In retirement Fraser served as Chairman of the UN Panel of Eminent Persons on the Role of Transnational Corporations in South Africa 1985, as Co-Chairman of the Commonwealth Group of Eminent Persons on South Africa in 1985–86, and as Chairman of the UN Secretary-General's Expert Group on African Commodity Issues in 1989–90. He was a distinguished international fellow at the American Enterprise Institute from 1984 to 1986. Fraser became president of the foreign aid group Care International in 1991, and worked with a number of other charitable organisations. In 2006, he was appointed Professorial Fellow at the Asia Pacific Centre for Military Law, and in October 2007 he presented his inaugural professorial lecture, "Finding Security in Terrorism’s Shadow: The importance of the rule of law".[14]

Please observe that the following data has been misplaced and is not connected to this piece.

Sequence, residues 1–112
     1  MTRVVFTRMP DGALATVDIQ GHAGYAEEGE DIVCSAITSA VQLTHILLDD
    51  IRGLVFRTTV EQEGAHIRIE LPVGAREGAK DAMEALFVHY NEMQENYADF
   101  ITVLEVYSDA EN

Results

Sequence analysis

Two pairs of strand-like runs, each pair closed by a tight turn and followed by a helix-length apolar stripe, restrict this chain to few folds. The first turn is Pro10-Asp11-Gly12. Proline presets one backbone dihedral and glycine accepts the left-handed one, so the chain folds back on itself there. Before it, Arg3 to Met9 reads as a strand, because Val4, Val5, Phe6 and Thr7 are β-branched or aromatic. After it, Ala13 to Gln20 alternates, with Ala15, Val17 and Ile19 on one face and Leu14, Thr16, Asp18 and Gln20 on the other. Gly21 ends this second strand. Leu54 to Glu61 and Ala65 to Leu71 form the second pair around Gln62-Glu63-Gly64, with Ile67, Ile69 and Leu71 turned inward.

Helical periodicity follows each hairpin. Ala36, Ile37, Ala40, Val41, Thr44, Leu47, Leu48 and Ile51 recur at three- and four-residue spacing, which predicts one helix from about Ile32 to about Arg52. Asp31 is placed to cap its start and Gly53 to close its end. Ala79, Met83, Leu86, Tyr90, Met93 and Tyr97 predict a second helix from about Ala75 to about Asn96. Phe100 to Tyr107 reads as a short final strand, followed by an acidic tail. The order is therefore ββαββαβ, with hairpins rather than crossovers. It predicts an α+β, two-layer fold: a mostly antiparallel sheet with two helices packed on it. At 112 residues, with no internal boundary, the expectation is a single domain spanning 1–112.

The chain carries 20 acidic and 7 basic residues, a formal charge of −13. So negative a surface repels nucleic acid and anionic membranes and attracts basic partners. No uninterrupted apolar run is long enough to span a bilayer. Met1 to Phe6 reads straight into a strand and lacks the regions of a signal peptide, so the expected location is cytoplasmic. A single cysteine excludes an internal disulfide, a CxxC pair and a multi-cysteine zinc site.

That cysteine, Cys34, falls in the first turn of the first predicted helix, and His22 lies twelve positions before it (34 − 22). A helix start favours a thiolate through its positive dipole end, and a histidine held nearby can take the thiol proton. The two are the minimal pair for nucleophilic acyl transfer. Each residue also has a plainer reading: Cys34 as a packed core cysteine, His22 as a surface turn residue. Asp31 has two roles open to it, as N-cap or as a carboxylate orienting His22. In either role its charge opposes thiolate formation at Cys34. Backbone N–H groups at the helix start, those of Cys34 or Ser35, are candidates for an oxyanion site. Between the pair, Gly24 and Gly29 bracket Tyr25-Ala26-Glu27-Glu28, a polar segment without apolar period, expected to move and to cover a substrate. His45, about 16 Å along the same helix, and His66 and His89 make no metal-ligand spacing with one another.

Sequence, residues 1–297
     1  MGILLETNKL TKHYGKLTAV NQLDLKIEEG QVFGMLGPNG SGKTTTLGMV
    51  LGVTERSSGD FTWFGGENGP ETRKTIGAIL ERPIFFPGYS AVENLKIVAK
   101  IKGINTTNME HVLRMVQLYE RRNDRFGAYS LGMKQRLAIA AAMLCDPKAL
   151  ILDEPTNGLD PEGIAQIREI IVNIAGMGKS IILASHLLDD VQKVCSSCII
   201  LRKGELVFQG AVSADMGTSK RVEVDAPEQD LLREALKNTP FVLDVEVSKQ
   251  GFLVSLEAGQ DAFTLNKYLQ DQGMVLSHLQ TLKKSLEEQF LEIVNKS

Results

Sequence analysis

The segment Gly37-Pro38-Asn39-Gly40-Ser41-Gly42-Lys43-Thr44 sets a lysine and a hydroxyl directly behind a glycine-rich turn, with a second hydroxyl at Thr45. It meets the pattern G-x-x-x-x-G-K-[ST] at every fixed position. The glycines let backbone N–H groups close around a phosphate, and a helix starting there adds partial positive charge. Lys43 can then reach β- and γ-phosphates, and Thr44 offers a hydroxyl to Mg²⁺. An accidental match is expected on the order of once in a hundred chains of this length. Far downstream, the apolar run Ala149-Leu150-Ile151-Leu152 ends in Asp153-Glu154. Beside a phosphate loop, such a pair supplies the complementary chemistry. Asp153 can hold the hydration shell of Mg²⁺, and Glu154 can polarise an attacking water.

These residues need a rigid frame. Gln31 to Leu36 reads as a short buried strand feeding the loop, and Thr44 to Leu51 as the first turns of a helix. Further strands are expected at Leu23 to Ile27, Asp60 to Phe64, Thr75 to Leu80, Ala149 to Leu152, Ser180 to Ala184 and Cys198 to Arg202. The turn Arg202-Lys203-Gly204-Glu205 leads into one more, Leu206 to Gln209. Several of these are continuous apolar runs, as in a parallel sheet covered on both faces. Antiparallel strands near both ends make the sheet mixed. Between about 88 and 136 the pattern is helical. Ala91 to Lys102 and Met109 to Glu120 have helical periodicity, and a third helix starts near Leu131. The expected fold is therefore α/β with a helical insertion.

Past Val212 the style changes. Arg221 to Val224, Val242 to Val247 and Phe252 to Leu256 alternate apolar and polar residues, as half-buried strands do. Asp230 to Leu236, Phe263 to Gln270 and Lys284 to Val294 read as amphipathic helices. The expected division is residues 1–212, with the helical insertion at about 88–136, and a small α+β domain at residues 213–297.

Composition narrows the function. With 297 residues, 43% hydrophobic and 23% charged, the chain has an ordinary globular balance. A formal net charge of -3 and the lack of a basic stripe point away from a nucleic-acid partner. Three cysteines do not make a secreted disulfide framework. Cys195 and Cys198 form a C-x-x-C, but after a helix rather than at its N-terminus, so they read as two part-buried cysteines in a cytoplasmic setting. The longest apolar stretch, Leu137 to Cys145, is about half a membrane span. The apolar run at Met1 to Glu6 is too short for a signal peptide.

Memphis trousers affair

On 14 October 1986, Fraser, then the Chairman of the Commonwealth Eminent Persons Group, was found in the foyer of the Admiral Benbow Inn, a seedy Memphis hotel, wearing nothing but a towel and confused as to where his trousers were. The hotel was an establishment popular with prostitutes and drug dealers. Though it was rumoured at the time that the former Prime Minister had been with a prostitute, his wife believes it more likely that he was the victim of a practical joke by his fellow delegates. Fraser himself refuses to comment on the matter.[15]

The mysterious loss of his trousers resulted in national amusement and is still exploited for humorous effect.

Estrangement from the Liberal Party

Malcolm Fraser at Parliament House in 2008, for Kevin Rudd's national apology to the Stolen Generations.